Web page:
article-2337808-1A2F6E23000005DC-845_634x478I’ve always wondered, how do multi- language families communicate? Stupid question? Bear with me… I think I have a point.

As you settle into your happy family life with the first- born, joyously listening to him/ her speak to you in your language and your partner in another, you think your multilingual family has found the right balance.  And then you realise that baby number two is on the way, and everything you planned so perfectly may not go the way you had hoped! Every parent with two or more kids will tell you that dealing with two kids is much more complex, it’s not really one + one… and a question you never really thought of before comes up: what language will the siblings speak to each other?

I have a friend with 4 young children, the parents of whom are German-speaking on one side and English-speaking on the other. The two eldest kids speak German to each other, but English to their younger siblings. Why is that? And how long will it last? Another family I know have four ‘home’ languages: German (mother’s MT), Taiwanese (father’s MT), English (language the parents communicate in) and Mandarin (adopted youngest daughter’s MT). The two eldest children speak each one to differing levels, and speak German together, although up until a year ago they spoke English together. And the youngest (adopted aged 3) can only speak Mandarin, but has already learnt a good deal of English and German in the year she has been there.

Confused? I am! Eating together for a large family is turmoil enough- talking loud to be heard above the others, stretching and grabbing to get the food from the other end, multiple chairs scraping and cutlery clattering. Add in to that the muddle of babble in two or more languages, and it can become chaos. Can we as parents encourage our kids to lean toward one language or another? Should we?

To be honest, parents have very little say in how their children will communicate. Generally we are happy enough that they are communicating, not hitting or pinching or ignoring, so when it comes to speech we heave a sigh of relief that words are coming out at all. The age of the oldest child will play a key part in what actually does come out- the older he or she is, the more you can negotiate and discuss what language to use with the new one. But when the oldest is still building his own language ability and development nothing can be guaranteed. And generally speaking, it will be the older child’s call- whatever he picks to speak in will be taken up by the younger one(s).

If they already go to school, another important factor is which language they speak there & among their peers. Although children (and adult language learners too) will often gravitate toward people who speak the same language as themselves, the need is there for them to communicate with the general masses, and instinct will encourage them to learn whatever is the most popular language, or what will help them most with teachers. When children get older, they tend to focus more on what their friends talk. Of course, there is the family language, but when you’re already a multilingual family and the children know exactly that you’re perfectly fluent in all the other languages, well, then you’ll have a very specific multilingual family situation.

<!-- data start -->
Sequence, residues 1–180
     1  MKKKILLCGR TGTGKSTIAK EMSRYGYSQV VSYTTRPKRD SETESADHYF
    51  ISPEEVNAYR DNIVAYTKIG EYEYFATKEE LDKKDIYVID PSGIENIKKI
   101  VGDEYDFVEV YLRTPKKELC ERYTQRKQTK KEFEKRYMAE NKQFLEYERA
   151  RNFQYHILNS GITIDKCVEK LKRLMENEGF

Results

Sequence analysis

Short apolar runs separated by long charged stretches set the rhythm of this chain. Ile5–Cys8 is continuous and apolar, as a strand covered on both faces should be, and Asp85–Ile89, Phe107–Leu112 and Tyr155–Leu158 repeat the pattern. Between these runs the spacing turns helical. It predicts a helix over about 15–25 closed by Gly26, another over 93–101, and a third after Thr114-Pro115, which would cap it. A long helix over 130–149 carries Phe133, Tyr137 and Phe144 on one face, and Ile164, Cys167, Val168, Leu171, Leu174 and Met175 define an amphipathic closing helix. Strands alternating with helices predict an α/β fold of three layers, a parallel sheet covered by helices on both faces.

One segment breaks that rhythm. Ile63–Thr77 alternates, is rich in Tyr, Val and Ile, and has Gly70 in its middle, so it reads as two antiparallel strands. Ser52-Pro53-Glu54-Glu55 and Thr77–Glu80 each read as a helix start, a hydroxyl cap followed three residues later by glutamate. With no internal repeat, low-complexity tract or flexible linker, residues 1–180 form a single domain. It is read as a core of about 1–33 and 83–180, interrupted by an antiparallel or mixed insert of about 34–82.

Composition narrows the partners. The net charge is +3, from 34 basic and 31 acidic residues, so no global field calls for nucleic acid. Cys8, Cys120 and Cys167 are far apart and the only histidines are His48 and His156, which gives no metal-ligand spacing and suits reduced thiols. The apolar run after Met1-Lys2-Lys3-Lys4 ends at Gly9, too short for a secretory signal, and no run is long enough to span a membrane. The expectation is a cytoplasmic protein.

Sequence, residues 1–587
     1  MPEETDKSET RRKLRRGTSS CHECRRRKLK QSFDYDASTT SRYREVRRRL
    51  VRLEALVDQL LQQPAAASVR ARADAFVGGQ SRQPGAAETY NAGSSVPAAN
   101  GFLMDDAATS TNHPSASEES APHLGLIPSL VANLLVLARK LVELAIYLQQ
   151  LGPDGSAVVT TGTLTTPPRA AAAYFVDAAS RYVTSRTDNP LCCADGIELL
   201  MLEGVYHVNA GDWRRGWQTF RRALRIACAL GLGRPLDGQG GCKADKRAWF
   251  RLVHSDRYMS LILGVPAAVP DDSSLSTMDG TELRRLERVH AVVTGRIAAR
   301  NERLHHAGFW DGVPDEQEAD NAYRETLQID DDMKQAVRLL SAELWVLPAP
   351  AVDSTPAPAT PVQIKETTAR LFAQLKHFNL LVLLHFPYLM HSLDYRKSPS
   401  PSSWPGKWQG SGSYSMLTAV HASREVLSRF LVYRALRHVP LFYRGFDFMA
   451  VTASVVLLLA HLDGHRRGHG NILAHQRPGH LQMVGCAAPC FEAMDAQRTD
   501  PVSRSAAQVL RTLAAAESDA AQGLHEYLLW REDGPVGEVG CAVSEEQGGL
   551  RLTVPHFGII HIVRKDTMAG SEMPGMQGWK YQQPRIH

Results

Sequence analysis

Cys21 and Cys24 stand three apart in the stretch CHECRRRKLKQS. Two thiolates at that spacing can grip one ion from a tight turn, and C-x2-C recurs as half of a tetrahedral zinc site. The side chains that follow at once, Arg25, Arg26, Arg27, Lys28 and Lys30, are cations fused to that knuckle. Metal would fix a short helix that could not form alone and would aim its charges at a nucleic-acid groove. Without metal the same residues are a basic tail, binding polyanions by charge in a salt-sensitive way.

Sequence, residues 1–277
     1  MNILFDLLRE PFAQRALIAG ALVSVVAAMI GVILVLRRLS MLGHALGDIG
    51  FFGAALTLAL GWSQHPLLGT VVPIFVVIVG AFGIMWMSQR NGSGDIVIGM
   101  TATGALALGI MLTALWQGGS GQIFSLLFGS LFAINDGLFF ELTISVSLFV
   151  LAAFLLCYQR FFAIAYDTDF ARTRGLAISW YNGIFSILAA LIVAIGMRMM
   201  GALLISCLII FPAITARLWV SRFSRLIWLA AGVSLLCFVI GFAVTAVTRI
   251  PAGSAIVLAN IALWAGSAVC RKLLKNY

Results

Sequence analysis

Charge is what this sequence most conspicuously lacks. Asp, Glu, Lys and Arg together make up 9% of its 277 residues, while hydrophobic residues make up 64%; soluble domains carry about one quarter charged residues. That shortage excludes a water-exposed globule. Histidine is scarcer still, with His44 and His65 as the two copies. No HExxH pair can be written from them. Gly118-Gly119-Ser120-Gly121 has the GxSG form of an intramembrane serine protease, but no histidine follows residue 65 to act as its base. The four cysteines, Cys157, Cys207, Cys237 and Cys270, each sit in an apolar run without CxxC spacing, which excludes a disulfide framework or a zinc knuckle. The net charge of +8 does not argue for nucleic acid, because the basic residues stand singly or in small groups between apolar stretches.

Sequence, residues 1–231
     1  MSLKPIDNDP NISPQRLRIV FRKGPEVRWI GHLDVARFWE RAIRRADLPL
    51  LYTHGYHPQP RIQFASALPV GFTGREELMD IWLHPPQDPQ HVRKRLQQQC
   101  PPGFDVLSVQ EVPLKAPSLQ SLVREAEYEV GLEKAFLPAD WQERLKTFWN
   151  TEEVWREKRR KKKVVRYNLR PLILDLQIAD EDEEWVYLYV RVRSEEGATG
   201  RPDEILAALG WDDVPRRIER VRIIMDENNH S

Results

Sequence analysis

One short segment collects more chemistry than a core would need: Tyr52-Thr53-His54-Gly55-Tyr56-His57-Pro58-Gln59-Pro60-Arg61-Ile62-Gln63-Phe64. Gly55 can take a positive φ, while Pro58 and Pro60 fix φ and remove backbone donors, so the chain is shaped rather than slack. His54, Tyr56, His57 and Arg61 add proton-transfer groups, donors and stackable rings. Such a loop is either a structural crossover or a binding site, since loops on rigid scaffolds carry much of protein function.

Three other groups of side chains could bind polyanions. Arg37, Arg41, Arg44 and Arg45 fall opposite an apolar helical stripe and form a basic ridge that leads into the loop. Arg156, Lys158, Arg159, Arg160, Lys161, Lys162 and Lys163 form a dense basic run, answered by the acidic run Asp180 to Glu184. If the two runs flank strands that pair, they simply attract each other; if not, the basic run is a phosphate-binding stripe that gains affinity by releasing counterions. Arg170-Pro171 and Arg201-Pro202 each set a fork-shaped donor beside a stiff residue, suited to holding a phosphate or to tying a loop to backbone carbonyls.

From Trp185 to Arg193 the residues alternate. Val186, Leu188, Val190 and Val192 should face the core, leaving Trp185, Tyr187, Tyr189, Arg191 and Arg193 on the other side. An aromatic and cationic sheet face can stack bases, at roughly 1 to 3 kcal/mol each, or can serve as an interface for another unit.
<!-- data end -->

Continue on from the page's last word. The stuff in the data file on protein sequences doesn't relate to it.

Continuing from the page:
You might find it disappointing in the long run if your children decide to speak the language of your partner together, and not yours. However, there are a few things you can do to help them keep the second language tuned up:

  • keep your communication with your child in the minority language. Even when with other people it’s best to stick to this principle, and translate for others. If he sees that you do not stick to speaking it, he won’t do it either;
  • get involved. Comment on what the siblings are saying to each other, and encourage their language use  in your tone and words;
  • assign a specific language to a specific activity. Restrict t.v. watching to the minority language, or join a class, like a swimming class, where there is one language spoken by all participants;
  • allow for passive language learning. Any kind of exposure to a language creates neural tissue and connections in the brain and facilitates learning of new words in that language. Passive language learning creates the necessary base for active learning later in life;
  • try to build curiosity for the language in your child. When I was growing up my mother and grandmother spoke to each other in French when they didn’t want me and my sister to understand. I believe that is the reason why I learnt French and other languages: to sticky- beak in on what they (and others) were saying;
  • keep it fun. There’s nothing as off- putting to a child as ‘work’. As long as they are enjoying themselves you are likely to progress.

Whatever language your children settle on at home, be supportive and encouraging to them; after all, happy communication is important whether it’s in your, your partner’s or a third language.